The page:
Materials and Methods

All materials were purchased from SIGMA-ALDRICH® unless otherwise stated.

Fabrication of Microwell Surface

Soft lithography was used to prepare custom microwell surfaces [28]. A silica wafer having an array of microwells with the dimensions of 360 µm×360 µm×180 µm (Fig. 1A) was prepared via deep reactive ion etching [29] by the Australian National Fabrication Facility-Queensland (ANFF-Q). PDMS (Slygard®, silicone elastomer kit) was used to generate a negative imprint of the microwell surface on the silica wafer (Fig. 1A, B), as per the manufacturer’s protocol. This PDMS negative was then used as a mold to generate a replica of the original microwell surface. First, the PDMS negative was coated with a 5% solution of Pluronic-F127 to act as a release agent. The Pluronic-F127 coated surface was permitted to air dry over night. It was then used to cast the replica surface in a 2 mm thick layer of PDMS (Fig. 1C). This layer was cured at 60°C for one hour and then pealed from the negative. As this process was not sufficiently reproducible to enable reliable mass production of such surfaces, a hot embosser was used to cast this replica PDMS shape into polystyrene. This polystyrene surface then functioned as a mold that could be used repeatedly to cast microwell sheets (Fig. 1D, E). The polystyrene hot embossing was achieved by taking a sheet of polystyrene cut from a culture flask and pressing the PDMS replica surface into it (at 160°C for 15 minutes with minimal pressure, POWER TEAM hydraulic heat press), PDMS sheets with microwells were mass-produced (Fig. 1E), and 2 cm2 disks were punched from the PDMS sheets (Fig. 1F), which were inserted into 24-well plates (Nunc™).

Figure 1. Fabrication of the microwell surface from PDMS replica moulding and surface modification.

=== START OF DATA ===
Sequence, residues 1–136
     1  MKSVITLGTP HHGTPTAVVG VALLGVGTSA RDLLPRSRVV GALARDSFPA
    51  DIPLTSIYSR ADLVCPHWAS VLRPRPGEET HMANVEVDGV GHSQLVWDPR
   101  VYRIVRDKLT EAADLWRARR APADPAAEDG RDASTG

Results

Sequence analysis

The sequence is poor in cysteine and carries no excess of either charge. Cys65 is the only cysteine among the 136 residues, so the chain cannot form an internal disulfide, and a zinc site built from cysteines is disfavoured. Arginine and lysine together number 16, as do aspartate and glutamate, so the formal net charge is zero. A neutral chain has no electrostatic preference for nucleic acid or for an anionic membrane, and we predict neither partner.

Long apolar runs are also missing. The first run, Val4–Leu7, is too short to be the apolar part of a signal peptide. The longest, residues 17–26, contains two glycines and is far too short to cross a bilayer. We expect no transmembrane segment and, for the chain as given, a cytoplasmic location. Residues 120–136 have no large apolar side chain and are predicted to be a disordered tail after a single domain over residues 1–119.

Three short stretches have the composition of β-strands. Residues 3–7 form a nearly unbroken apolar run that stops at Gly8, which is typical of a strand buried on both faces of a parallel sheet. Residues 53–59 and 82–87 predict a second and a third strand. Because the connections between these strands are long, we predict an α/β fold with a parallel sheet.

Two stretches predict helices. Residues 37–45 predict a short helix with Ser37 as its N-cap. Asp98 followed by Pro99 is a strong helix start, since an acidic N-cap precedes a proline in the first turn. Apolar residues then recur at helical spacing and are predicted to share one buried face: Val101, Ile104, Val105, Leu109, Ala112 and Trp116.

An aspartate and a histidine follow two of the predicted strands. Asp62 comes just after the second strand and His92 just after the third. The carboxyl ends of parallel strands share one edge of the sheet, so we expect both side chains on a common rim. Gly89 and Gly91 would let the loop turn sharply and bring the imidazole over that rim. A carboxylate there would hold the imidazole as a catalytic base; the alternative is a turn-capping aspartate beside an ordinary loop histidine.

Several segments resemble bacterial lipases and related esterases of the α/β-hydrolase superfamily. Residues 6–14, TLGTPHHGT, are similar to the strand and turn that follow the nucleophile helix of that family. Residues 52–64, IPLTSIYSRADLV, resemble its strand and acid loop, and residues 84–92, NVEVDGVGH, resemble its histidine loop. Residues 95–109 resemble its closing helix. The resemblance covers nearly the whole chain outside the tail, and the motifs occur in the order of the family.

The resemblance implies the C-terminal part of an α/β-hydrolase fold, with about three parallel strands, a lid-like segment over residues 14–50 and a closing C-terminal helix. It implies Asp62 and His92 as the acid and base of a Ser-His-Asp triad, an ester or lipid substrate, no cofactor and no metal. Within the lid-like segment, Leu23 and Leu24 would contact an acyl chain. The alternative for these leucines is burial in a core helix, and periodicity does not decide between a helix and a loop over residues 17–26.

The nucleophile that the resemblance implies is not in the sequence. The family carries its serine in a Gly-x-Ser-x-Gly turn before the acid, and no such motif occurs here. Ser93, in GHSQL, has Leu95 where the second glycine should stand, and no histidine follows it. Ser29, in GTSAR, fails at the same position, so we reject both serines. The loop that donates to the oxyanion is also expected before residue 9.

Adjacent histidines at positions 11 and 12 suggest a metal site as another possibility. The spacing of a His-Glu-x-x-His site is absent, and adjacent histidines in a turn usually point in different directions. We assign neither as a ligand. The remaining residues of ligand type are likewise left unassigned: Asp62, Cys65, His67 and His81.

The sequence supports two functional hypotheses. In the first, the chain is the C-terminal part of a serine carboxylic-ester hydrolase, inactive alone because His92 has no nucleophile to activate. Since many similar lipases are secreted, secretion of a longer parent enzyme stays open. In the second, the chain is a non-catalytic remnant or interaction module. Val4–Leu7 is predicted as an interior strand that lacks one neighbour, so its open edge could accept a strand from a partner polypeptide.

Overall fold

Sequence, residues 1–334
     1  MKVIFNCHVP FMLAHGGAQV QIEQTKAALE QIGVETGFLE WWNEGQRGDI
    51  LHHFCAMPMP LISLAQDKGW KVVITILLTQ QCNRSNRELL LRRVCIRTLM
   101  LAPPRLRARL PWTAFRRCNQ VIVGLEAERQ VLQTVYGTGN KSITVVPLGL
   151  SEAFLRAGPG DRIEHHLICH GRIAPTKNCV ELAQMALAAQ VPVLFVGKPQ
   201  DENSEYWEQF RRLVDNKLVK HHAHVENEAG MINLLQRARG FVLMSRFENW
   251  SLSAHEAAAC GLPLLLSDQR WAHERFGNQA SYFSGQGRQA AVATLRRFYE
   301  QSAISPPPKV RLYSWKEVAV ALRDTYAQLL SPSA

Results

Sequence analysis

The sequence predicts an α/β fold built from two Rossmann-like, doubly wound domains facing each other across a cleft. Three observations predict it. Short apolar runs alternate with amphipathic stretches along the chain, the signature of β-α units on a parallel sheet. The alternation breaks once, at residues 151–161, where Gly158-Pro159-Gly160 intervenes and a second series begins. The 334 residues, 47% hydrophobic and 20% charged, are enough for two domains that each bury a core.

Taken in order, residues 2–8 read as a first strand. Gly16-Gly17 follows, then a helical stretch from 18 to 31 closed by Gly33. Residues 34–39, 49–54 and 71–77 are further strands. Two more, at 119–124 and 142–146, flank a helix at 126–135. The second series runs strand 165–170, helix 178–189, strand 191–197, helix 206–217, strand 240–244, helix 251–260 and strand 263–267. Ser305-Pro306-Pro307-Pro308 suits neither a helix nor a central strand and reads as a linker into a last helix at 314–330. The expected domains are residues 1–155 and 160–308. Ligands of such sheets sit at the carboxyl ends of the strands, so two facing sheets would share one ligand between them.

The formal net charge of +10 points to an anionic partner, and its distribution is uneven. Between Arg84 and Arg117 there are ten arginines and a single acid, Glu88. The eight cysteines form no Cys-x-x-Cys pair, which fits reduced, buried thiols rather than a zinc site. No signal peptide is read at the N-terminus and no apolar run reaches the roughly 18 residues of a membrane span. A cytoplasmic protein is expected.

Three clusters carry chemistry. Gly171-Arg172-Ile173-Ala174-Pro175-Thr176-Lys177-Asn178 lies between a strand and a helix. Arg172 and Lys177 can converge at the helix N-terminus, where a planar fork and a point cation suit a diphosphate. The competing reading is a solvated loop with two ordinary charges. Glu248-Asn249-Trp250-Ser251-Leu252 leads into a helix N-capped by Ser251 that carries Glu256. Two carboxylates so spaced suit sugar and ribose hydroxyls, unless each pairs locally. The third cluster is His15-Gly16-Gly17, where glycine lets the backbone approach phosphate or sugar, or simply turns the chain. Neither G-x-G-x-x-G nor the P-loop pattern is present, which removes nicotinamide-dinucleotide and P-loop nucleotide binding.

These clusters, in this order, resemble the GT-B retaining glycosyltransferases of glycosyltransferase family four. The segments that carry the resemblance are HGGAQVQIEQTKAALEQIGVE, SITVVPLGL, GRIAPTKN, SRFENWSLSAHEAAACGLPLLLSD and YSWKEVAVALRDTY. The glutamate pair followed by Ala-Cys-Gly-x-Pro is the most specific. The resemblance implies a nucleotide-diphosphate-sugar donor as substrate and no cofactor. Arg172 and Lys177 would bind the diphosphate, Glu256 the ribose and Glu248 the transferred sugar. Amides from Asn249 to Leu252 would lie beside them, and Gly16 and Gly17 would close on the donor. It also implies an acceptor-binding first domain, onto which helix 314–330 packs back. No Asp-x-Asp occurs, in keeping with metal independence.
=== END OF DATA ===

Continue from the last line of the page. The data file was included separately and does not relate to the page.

A silica wafer having an array pattern of microwells was formed via deep reactive ion etching. The dimensions of the microwells on silica wafer were 360×360×180 (depth) µm (A). This surface was used to cast PDMS, generating a negative surface. PDMS mould having an inverted microwell pattern (B). This surface was then coated in 5% pluronic acid solution, which functioned as a release agent. The coated surface was used to cast a 2 mm thick PDMS sheet having a microarray pattern identical to the original silica wafer (C). Because PDMS-PDMS casting was not reproducible, the PDMS sheet with the microwells was cast with a polystyrene sheet to obtain a plastic mould (D). Using polystyrene mould PDMS sheets with microwells were produced (E). A punch was used to create 2 cm2 discs which fit snuggly into the bottom of a 24-well plate (F). Individual microwell inserts were subsequently surface modified using a CHI/HA electrostatic multilayer; see text for details (G). The chondrocytes spreading on non-modified PDMS microwell surface (cell layers marked with arrowheads) (H). Robust micropellet formation on CHI/HA multilayered PDMS surface (I). Scale bar: 200 µm.

Surface Modification of Microwells

We previously showed that cells cultured on unmodified PDMS microwell surfaces have a propensity to spread rather than form pellets [30], and this microwell platform exhibited similar problems when culturing chondrocytes in serum-free chondrogenic redifferentiation medium (Fig. 1H). To minimize cell attachment to the microwell surface (Fig. 1I), the PDMS insert surface was chemically modified using a variation of our electrostatic multilayer (ML) technique [31] (Fig. 1G). Prior to ML deposition, a net negative charge was imparted on the PDMS microwell surface utilizing a hand-held high frequency plasma generator (Model BD-20, ETP) [32]. Immediately following plasma modification, the inserts were submerged in an electropositive poly-L-lysine solution (50 µg/mL in MES buffer, pH 5.5) and centrifuged at 4000×g for 5 minutes to ensure that the fluid entered the microwells. The poly-L-lysine was adsorbed onto the PDMS surface for 30 minutes at room temperature (RT). The wells were then rinsed twice with MES buffer, and ML deposition was initiated by adsorbing electronegative hyaluronic acid (HA) (50 µg/mL in MES buffer, pH 5.5) plus 1∶100 dilution of fresh cross-linker stock. N-Hydroxysuccinimide (NHS) and N-Ethyl-N′-(3-dimethylaminopropyl) carbodiimide hydrochloride (EDAC) cross-linker stock solution contained 50 mg/mL EDAC plus 70 mg/mL NHS in DMSO. We found that the DMSO stock solution could be effectively frozen and stored at −20°C in aliquots as long as the aliquots were used immediately upon thawing. The HA layers were adsorbed and cross-linked to the poly-L-Lysine for 20 minutes, and then the surfaces were washed twice with MES. Next, a layer of electropositive chitosan (CHI, 50 µg/mL CHI in MES buffer) was adsorbed to the HA layer for 20 minutes at RT. This process was repeated until 4 bilayers of HA-CHI were deposited, with the top layer being HA. The inserts were then sterilized overnight in 70% ethanol, washed three times with PBS, placed into sterile 24-well cell culture plates and kept hydrated in PBS at 4°C overnight.